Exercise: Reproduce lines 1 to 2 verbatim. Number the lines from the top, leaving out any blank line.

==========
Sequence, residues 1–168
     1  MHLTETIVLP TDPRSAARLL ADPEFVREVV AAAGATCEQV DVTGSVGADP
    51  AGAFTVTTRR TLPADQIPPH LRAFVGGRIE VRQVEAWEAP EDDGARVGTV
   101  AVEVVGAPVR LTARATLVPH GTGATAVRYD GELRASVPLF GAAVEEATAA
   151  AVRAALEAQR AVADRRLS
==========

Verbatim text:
Sequence, residues 1–168
     1  MHLTETIVLP TDPRSAARLL ADPEFVREVV AAAGATCEQV DVTGSVGADP